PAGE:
When the elevator dings open on the ninth floor of a high-rise in drab West Shinjuku, Tokyo, I don’t know quite what to expect. As the doors to the lift shut behind me, I find myself standing on a rickety outdoor staircase—solo—in the pitch black, fumbling for the handle to a heavy, lacquered wooden door. If this were a fairy tale, I think, I’d be in trouble.
I’ve come in search of Ben Fiddich, the much-ballyhooed bar from Hiroyasu Kayama, a star Tokyo bartender who has been heralded worldwide. Since 2013, Kayama’s fascination with the way the natural world—plants, spices, fruits—and liquor dance together has led him to break apart and rebuild spirits and liqueurs from the ground up (amaro and Campari, to name a couple) using herbs that he grows on his family farm on the outskirts of Tokyo.
He is, perhaps, the closest thing to a 21st-century alchemist.
I lean into the door and am greeted by even more darkness—though a softer kind, flecked by the warmth of candles. The size of a doctor’s office waiting room and shrouded in what I’ll call nouveau-Elizabethan decor set to a soundtrack of Renaissance music (lutes and all), Ben Fiddich feels more like ambling into a lost set piece from Labyrinth than a bar.
There are deep shelves packed with infusion-filled glass jars. There are too many oblong, oddly-sized carafes to count, each of them filled with experimental liqueurs. Bows of dried wormwood hang from wooden rafters next to the mounted head of a buck. A flock of absinthe spoons lean at ease next to a still life of yuzu and jujubue fruit.
I’m ushered into my place at the center of the small bar and, for a while, I sit alone.
The bar is steeped in magical thinking, and in my solitude it’s not difficult to imagine that the inanimate objects in the place might just have the ability to come to life and join me for a drink. After all, this would carry on the Japanese folklore tradition of tsukumogami, in which household items like umbrellas and vegetable graters are granted a kind of sentience after 100 years of use. For a second, I could’ve sworn a copper tin was inching closer.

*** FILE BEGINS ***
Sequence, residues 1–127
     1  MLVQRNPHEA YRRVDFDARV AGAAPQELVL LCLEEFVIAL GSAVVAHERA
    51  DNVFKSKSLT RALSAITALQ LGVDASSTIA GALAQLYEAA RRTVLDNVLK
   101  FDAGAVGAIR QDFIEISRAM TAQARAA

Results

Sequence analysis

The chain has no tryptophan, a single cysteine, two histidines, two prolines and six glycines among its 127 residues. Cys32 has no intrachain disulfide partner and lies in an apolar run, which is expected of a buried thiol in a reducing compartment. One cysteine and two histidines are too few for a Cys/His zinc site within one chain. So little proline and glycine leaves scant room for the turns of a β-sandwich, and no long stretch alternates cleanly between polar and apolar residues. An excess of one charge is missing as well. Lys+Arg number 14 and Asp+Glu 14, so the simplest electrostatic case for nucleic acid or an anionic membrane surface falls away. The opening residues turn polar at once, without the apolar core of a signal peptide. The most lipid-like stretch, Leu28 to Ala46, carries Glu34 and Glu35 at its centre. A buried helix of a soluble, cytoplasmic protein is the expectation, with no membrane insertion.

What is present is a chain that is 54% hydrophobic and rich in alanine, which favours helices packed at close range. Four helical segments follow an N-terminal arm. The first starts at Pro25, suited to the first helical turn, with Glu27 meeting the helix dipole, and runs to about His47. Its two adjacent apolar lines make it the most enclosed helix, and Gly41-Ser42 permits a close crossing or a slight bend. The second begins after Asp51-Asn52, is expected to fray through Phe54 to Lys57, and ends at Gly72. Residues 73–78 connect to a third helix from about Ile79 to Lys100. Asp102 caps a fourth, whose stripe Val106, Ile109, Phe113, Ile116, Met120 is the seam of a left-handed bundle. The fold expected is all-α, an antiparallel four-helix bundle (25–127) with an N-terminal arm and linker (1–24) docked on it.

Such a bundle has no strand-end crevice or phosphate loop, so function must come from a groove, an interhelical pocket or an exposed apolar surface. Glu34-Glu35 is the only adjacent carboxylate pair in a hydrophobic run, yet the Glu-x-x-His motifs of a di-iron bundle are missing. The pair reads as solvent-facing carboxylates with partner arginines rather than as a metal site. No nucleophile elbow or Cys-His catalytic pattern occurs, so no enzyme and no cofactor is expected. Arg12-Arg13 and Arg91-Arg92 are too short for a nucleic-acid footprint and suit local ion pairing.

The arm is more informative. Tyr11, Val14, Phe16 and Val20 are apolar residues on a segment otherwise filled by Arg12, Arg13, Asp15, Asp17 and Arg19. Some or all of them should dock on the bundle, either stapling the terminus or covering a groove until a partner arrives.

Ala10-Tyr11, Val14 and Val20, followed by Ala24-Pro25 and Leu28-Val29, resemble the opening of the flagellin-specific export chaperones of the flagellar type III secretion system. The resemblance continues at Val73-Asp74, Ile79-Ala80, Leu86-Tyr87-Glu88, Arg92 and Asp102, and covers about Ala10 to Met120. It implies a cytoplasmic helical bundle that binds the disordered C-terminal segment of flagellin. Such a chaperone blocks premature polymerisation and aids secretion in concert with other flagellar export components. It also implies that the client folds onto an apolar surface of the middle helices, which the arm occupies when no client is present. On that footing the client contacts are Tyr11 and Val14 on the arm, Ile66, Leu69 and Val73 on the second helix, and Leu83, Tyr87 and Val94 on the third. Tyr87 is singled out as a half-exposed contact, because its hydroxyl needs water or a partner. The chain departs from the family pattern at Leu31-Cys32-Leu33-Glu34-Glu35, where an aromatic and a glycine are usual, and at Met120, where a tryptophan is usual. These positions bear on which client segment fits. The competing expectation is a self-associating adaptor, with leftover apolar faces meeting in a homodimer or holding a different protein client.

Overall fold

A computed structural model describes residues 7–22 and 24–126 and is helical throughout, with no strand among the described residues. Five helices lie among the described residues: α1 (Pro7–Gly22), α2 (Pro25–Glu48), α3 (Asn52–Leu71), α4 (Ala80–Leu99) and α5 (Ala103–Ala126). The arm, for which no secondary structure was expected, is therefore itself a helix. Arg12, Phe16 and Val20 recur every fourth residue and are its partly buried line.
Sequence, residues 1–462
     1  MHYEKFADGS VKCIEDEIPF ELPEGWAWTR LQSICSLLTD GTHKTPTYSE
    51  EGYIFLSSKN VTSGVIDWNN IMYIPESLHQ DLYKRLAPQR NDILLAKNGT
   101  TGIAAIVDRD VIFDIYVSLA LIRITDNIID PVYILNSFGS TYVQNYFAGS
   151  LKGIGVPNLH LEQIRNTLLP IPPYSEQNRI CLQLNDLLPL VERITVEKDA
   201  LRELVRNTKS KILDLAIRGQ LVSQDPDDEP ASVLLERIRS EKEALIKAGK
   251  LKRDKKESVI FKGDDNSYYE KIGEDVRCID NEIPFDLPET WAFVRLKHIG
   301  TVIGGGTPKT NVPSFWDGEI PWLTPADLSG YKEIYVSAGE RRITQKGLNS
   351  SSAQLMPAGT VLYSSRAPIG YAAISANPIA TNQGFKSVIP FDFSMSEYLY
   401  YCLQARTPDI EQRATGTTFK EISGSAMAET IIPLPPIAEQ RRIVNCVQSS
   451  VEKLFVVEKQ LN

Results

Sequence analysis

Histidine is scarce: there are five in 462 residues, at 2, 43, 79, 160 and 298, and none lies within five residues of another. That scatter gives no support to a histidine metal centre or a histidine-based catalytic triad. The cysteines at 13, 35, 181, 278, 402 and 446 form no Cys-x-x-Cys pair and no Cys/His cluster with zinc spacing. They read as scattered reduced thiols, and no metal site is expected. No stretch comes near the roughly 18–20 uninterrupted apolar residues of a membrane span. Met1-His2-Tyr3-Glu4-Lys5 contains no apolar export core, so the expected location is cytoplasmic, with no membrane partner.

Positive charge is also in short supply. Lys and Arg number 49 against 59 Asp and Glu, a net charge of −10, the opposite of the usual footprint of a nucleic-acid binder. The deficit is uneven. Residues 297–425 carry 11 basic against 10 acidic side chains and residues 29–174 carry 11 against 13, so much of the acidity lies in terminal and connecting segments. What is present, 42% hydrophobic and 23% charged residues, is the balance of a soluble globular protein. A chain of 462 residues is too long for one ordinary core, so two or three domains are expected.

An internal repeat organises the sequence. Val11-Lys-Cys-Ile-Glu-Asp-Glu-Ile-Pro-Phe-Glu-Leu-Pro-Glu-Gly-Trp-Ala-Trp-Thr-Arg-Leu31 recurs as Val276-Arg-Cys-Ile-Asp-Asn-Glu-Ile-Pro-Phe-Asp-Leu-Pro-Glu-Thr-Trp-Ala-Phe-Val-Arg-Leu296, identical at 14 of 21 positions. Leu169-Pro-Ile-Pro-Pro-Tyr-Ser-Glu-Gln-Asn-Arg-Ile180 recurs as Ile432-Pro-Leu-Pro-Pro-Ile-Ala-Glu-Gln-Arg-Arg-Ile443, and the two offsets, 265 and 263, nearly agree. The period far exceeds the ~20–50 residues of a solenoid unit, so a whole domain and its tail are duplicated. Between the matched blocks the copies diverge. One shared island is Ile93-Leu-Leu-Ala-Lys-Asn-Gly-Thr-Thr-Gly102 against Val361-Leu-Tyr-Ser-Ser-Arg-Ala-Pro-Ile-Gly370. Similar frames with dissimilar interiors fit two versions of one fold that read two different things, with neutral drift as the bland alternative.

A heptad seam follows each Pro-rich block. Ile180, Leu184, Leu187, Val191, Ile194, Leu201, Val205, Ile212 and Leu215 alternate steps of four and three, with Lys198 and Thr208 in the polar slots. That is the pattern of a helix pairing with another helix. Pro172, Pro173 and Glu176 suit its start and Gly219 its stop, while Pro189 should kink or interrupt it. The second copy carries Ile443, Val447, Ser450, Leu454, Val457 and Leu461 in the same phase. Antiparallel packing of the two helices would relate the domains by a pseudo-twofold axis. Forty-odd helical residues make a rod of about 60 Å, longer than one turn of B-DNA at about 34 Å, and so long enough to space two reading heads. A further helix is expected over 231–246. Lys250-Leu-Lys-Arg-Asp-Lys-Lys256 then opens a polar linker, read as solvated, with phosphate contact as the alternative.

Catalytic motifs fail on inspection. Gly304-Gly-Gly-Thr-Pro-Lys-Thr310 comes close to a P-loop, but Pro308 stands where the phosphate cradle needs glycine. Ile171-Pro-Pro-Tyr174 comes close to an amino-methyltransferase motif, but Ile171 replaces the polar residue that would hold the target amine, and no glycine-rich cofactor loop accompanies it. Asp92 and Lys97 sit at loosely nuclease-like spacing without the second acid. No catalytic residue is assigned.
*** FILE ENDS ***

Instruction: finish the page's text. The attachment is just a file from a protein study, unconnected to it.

“You’re ready, yes?” the eager bar back asks, and I nod.
With all the flourish of a maestro entering into the orchestra pit, Kayama emerges from a holding pen at the side of the bar, throwing back the curtains and taking his rightful place directly in front of my seat. He’s wearing the kind of white jacket frequently sported by Japanese bartenders, but his version of the ensemble feels a little different. Though the pocket square is pristine, there are stains of purple and green dotted up and down his torso, as if I’ve interrupted him in the middle of picking fresh berries or in the midst of a fantastical experiment. He exhales, grinning, with an eyebrow cocked.
“Whisky, gin, absinthe or amaro?”
These four spirits form the foundation of all Ben Fiddich’s cocktails, and while a no-menu policy is fairly standard in Japan, it soon becomes clear that every drink Kayama makes is almost completely off-the-cuff.
I opt for absinthe and watch as he pulls out a terracotta mortar and pestle to smash together absinthe, gin and unidentified fresh herbs, he plucks from a branch. He tastes and smells the drink-in-progress on the back of his hand intermittently as if sampling perfume, nodding with approval. After a good ten minutes of assembly, my absinthe drink—complete with honey, grapefruit juice and egg white that’s all been whipped together with an immersion blender—is frothed up perfectly in a chilled Art Deco glass hand-selected for the presentation.
As I go to take a photo of my drink, a single votive candle appears on an elegant, footed pewter stand just prior to the snap, then is quickly whooshed away by the bar back. It is this kind of old-world flair that routinely comes to the aid of the new at Ben Fiddich.
While nursing some of his homemade absinthe from a stemmed, thimble-sized glass, Kayama cracks open a yellowed French tome so well-worn the pages flutter loose from the binding. He quickly flips to a drawing of an antiquated machine—what appears to be an elaborate, whirly-gig-looking table-top still—pointing to the drawing, then an absinthe recipe on the next page over, then my glass.
“I used this to make what you’re drinking,” he says, referencing the contraption. “I don’t speak French, though, so I had to use Google to translate,” he laughs. “A little bit old, a little bit new.”